LGBT people are likely worried about the potential impact of Coronavirus 2019 on their health. People at particular risk should talk to their health providers about their options for protecting themselves from infection.
Updated March 27, 2020
What is Bradbury-Sullivan LGBT Community Center doing?
Our organization prioritizes health promotion and health equity for the LGBT community, so we are taking COVID-19 seriously and are taking the following precautionary measures:
- ALL programs and services for adults are cancelled through May 15th. Some supportive services may be offered in virtual formats, please check the event page on our website to know if the program is happening virtually or if it is cancelled.
- Project SILK Lehigh Valley will be operating as a virtual program through May 15. Lehigh Valley LGBT youth age 14-21 can receive the program schedule by emailing firstname.lastname@example.org
- All staff have been instructed to work from home and will be available by email. Voicemails will be responded to within 24 hours.
- Non-essential work travel for staff is suspended through May 15th.
- Please note that per Governor Wolf's March 23, 2020 order, Lehigh, Northampton, and Monroe counties are under a stay-at-home order until further notice
Other Lehigh Valley LGBT community updates:
- Metropolitan Community Church of the Lehigh Valley (MCCLV) programming updates can be found here: https://mailchi.mp/6f72a79a83c2/covidcontinued-4769980
- LGBTQ Business Council's 2020 LGBT Business Summit has been cancelled
- LGBT students at Lehigh University can reach out to the campus pride center staff for virtual support
- Eastern PA Trans Equity Project is offering virtual group meetings for Lehigh Valley Renaissance and for their spouses of trans community members group.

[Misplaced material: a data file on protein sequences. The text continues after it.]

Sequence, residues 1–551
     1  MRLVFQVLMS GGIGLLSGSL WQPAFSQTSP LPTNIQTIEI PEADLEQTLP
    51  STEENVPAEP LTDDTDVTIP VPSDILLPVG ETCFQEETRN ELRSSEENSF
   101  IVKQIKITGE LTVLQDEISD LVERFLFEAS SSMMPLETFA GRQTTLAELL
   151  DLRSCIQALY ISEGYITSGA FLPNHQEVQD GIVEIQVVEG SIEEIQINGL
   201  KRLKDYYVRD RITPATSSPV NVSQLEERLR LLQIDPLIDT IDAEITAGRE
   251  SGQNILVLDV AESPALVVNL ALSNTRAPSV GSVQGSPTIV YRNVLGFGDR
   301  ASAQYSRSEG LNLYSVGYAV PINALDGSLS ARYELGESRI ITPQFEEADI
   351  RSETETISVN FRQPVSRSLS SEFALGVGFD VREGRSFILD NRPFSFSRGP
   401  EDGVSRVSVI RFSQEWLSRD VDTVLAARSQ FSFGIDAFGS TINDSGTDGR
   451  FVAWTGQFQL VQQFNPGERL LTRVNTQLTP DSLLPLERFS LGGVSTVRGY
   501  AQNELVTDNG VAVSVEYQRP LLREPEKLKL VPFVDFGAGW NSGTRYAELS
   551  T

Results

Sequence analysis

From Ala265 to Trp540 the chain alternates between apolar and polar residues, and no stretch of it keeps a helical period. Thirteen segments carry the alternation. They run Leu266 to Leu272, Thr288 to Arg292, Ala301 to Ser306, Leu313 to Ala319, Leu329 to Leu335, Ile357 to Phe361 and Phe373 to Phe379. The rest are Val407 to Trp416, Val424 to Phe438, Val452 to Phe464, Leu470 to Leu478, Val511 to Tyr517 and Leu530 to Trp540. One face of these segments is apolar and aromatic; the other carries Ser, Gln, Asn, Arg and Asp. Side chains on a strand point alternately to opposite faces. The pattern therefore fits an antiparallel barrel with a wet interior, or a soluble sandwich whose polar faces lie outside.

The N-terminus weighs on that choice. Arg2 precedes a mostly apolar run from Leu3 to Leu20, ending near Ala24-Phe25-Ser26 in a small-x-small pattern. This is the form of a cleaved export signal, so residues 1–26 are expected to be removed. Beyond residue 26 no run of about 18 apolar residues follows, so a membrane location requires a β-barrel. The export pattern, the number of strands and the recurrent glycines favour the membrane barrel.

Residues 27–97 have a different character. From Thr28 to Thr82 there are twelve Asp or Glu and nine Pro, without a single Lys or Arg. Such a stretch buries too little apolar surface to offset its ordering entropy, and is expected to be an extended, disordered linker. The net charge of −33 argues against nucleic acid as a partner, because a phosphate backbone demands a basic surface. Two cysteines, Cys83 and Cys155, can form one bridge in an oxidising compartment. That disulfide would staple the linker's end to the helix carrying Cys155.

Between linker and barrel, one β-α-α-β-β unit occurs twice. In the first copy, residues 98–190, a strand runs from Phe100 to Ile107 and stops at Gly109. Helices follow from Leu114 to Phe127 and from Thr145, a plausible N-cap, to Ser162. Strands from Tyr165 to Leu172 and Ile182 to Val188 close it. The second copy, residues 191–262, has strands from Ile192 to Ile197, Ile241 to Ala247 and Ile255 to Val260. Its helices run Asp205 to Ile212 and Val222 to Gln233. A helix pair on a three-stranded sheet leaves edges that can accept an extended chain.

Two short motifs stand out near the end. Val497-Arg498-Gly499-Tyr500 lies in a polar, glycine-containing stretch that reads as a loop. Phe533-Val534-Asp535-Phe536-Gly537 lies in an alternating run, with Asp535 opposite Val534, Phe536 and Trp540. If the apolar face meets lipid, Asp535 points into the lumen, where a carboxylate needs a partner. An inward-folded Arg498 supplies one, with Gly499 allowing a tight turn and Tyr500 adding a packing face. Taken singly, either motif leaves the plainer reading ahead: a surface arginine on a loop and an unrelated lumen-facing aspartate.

- Rainbow Mountain Resort and Stonewall Lehigh Valley are closed.
- NOVUS ACS is open for medical appointments by appointment only, they are not accepting walk-ins due to COVID-19
- LGBT community members in need of food access during this difficult time: MCCLV has a food access fund (email email@example.com) and so does the Eastern PA Trans Equity Project (for Trans community members, apply here)
Why are LGBT people at particular risk for Coronavirus 2019?
Lesbian, gay, bisexual, transgender (LGBT) people are at particular risk for Coronavirus disease 2019 (or COVID-19) as a result of several factors:
We use tobacco at rates that are 50% higher than the general population. Coronavirus 2019 is a respiratory illness that has proven particularly harmful to smokers.
Higher rates of HIV and cancer among LGBTQ+ individuals mean that a greater number of us may have compromised immunity, leaving us more vulnerable to Coronavirus infection.
LGBTQ+ people experience health disparities. Health disparities affect the potential Coronavirus 2019 impact on us in two ways:
- Access to care barriers leaves us less likely to get medical care, and
- Existing health disparities mean more of us live in a state of compromised health.
What can I do to avoid getting this coronavirus?
There is currently no vaccine to prevent COVID-19.
Stay tuned to alerts by your local or state health departments about advisories related to your region.
Avoid being within three feet of people who show symptoms of illness. Instead of kissing or shaking hands, consider bumping elbows or touching your heart in greeting.
While there is no accurate estimation of how long Coronavirus 2019 can remain infectious after virus droplets land on surfaces, similar Coronaviruses have shown they can remain infectious for up to nine days. (As comparison, a flu virus remains infectious for about 24 hours.) This means there is likely a greater risk of catching Coronavirus 2019 from a surface.
Coronavirus does not get into our body through our skin, it gets into our body through mucous membranes. The most common route of transmission is from the hands (which touch the infected surface) to the mucous membranes on our faces. One study of medical students showed they touched their faces on average 23 times every hour. While we cannot always control our exposure to the virus, we can control the behaviors that make it easier for this virus to get into our bodies.